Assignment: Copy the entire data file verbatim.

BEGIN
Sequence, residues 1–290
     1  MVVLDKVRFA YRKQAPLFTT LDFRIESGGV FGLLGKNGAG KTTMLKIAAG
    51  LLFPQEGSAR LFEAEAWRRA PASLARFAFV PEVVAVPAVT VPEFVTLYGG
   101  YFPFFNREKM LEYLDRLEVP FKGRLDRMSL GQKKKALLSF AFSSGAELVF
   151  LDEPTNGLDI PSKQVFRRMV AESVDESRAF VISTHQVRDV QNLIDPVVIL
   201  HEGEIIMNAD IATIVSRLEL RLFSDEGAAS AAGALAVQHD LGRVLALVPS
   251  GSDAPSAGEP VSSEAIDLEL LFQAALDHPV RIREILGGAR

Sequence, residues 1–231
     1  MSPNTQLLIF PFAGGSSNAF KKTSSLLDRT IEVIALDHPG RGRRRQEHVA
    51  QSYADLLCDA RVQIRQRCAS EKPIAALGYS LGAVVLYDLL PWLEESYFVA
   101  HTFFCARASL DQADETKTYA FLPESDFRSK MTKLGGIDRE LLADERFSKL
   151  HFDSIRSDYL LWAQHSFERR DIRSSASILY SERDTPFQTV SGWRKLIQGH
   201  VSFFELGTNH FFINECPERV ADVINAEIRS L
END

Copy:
Sequence, residues 1–290
     1  MVVLDKVRFA YRKQAPLFTT LDFRIESGGV FGLLGKNGAG KTTMLKIAAG
    51  LLFPQEGSAR LFEAEAWRRA PASLARFAFV PEVVAVPAVT VPEFVTLYGG
   101  YFPFFNREKM LEYLDRLEVP FKGRLDRMSL GQKKKALLSF AFSSGAELVF
   151  LDEPTNGLDI PSKQVFRRMV AESVDESRAF VISTHQVRDV QNLIDPVVIL
   201  HEGEIIMNAD IATIVSRLEL RLFSDEGAAS AAGALAVQHD LGRVLALVPS
   251  GSDAPSAGEP VSSEAIDLEL LFQAALDHPV RIREILGGAR

Sequence, residues 1–231
     1  MSPNTQLLIF PFAGGSSNAF KKTSSLLDRT IEVIALDHPG RGRRRQEHVA
    51  QSYADLLCDA RVQIRQRCAS EKPIAALGYS LGAVVLYDLL PWLEESYFVA
   101  HTFFCARASL DQADETKTYA FLPESDFRSK MTKLGGIDRE LLADERFSKL
   151  HFDSIRSDYL LWAQHSFERR DIRSSASILY SERDTPFQTV SGWRKLIQGH
   201  VSFFELGTNH FFINECPERV ADVINAEIRS L